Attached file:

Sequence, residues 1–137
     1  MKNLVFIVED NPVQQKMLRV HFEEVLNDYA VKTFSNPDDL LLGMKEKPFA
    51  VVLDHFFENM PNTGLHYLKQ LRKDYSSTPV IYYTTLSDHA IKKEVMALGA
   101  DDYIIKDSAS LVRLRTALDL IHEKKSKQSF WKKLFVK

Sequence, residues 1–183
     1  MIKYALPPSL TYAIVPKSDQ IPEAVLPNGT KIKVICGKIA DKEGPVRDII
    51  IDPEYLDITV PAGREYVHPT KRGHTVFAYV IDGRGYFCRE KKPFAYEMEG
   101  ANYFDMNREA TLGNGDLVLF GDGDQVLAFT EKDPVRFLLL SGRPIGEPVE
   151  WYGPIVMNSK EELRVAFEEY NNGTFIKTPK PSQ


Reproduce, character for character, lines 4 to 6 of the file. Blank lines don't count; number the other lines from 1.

   101  DDYIIKDSAS LVRLRTALDL IHEKKSKQSF WKKLFVK

Sequence, residues 1–183
     1  MIKYALPPSL TYAIVPKSDQ IPEAVLPNGT KIKVICGKIA DKEGPVRDII